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We provide horse drawn carriage and wagon services, as well as pony rides for ANY occasion.
We are family owned and operated and offer over 30 years of horsemanship experience.  We are fully insured and guarantee the best, most reliable quality services for your event.

Thursday, May 1, 2014

Drama vs. Truth

I could go on and on about this topic, but I'm strapped for time right now. As many know, there has been a longstanding battle over shutting down the carriage business in New York City (Philadelphia  has also been targeted, but not on such grand a platform). It boils down to politics and animal rights extremists vs. the carriage drivers and horse owners. The other day, friends posted this to our Facebook page:

This whole issue reeks of ignorance. The saddest part is that the bandwagon is full of ill-informed mouth pieces with louder microphones than the ones in the know.

The ASPCA itself has set regulations for the carriage horses, and even has staff that keep watch on how long each horse is on shift to make sure that they’re not being overworked, that they are not working in extreme conditions (heat/cold), and that they are kept humanely. Horses are meant to work. They are healthier, and I like to think happier though I've never actually seen a horse smile (well, maybe I have but people will think I’m crazy), when they are working and fit. In fact, it is much healthier for a horse to be working rather than a living lawn ornament whether it be as a carriage horse, work horse (plowing, hauling, farming), riding horse, or any other physically active type of horse. Inactive, barn-kept horses are more unhealthy, and quite honestly, not happy horses.

So, instead of choosing to clearly inform their viewers (some of the NYC stables are on prime real estate  that friends of politicians want to develop in addition to other hidden agendas), this local news station decided to fill a time slot by jumping aboard the abuse-to-animals train that has long plagued New York City carriage drivers, their horses, and the livelihoods of both. Choosing to spread the wealth of ignorance rather than researching and reporting the underlying reasons for the proposed ban because it might mean standing up to political agendas driven by the thickness of their wallets and elected position of probable corrupt power, because--why? It's easier? It's what the public wants? It's what sells? Oh wait, they did interview very reliable horse owners from Happy Trails--great people who are experienced and skilled in the craft of horsemanship with reputable facilities, horses, and services--but what about the whole story? I fully appreciate the reporter having sought out horsemen for their views and valid opinions--that in itself is quite commendable--but it's not enough.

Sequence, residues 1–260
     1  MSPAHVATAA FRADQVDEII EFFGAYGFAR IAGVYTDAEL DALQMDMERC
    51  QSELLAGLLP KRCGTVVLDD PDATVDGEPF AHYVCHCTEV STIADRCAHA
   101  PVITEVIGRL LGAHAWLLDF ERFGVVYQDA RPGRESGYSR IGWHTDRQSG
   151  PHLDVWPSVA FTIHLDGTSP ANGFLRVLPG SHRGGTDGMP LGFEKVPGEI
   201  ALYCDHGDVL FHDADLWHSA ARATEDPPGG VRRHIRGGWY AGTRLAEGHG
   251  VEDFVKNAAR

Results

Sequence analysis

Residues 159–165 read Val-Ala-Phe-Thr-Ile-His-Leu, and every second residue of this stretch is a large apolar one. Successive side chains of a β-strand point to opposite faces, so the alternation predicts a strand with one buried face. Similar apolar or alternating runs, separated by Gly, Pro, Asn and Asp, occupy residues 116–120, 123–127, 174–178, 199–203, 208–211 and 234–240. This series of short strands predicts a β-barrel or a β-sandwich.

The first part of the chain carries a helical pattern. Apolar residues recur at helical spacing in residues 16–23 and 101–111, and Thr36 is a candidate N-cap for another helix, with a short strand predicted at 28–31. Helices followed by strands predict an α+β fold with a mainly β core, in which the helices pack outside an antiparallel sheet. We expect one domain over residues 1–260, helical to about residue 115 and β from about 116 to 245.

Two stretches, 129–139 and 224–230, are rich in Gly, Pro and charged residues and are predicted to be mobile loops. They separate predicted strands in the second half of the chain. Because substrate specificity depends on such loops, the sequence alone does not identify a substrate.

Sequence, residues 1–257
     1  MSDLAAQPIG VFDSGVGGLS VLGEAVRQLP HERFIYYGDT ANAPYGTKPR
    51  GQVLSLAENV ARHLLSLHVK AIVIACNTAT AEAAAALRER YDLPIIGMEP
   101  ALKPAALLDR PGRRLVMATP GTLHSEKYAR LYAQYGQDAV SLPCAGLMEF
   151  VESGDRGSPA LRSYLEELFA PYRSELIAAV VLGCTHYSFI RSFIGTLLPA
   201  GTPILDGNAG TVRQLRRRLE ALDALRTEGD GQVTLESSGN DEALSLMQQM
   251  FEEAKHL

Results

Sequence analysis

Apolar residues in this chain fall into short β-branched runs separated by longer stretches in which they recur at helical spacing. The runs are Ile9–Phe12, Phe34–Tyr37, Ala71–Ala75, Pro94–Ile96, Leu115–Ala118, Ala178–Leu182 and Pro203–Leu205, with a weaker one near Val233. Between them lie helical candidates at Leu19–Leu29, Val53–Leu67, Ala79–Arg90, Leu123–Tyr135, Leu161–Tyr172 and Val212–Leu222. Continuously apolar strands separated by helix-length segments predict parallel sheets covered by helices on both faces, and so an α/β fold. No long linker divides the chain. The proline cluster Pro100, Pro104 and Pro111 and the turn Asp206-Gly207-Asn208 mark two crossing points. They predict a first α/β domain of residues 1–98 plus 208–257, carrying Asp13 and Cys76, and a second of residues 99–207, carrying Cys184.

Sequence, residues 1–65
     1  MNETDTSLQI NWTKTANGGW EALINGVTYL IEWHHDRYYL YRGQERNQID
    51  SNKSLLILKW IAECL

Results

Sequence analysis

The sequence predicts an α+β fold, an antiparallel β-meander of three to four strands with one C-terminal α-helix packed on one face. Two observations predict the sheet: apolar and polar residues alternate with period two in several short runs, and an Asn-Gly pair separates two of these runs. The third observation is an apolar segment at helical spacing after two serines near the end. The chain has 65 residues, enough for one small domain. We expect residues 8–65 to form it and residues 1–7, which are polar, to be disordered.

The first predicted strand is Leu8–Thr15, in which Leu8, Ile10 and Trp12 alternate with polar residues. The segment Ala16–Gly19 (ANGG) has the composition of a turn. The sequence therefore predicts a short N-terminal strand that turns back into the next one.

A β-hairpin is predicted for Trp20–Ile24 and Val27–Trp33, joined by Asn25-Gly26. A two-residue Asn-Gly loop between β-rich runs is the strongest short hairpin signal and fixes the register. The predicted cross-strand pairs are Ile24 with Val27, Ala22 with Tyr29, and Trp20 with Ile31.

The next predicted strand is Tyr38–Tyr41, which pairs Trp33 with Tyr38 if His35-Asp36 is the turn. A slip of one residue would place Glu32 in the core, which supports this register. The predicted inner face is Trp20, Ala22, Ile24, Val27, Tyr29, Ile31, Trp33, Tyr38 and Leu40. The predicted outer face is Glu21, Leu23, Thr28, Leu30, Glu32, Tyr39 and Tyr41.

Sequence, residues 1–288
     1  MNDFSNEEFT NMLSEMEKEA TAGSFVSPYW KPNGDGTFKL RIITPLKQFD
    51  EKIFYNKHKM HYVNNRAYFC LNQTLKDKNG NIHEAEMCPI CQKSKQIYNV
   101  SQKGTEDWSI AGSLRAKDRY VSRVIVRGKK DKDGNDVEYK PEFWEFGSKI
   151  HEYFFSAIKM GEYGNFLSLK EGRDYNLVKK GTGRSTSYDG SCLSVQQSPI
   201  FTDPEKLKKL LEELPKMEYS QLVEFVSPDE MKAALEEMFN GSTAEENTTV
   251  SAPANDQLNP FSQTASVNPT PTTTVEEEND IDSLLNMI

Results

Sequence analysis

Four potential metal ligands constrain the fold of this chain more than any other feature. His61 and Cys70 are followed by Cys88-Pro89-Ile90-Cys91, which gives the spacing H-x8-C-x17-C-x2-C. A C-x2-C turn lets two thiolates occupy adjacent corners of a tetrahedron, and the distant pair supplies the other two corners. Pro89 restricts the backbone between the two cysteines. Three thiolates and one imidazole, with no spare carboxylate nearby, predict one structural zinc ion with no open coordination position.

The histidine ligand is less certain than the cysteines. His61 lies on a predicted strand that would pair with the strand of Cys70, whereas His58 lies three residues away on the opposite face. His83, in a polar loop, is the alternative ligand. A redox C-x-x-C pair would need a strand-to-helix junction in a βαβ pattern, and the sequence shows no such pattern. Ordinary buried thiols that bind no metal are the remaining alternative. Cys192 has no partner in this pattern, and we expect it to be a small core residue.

What ever happened to investigative reporting and telling the whole story rather than pure sensationalism and a twisted idea of what the public wants to hear? I, personally, am tired of the drama for the sake of drama. Not only in relation to this topic, but several:  it's going to snow (close the schools and streets for an inch), it's going to be cold (bring in your pets, it's going below 30), a brick fell from a building (reporter tosses an already-fallen brick while standing in supposed harm's way). This isn't a prime time drama. It's not supposed to be entertaining for the sake of ratings. It's supposed to be the news. The good, the bad, and the ugly of it. And all of it. I’m tired of having to do my own research to get to the real story because I can only trust a minuscule amount of the information that I get from the news. What sells is important? No, truth is what's important! And reporting the truth, all angles of it, should be a moral, ethical, and unequivocal requirement for any newscaster, reporter, writer, or analyst. 

For the record:

According to an editorial written by actor Liam Neeson in support of the carriage workers "the city’s horse-drawn carriages have made an estimated 6 million trips in traffic in the past 30 years, most ending up in Central Park. Four horses have been killed in collisions with motor vehicles, with no human fatalities." That's much better than the multitude of automobile accidents in the city. Or, the amount of courier accidents while weaving in and out of traffic on their bicycles. He also noted that "the horse carriage trade is a “humane industry that is well regulated by New York City’s Departments of Health and Mental Hygiene and Consumer Affairs.” This past weekend, picketers paced outside his NYC home protesting his support.

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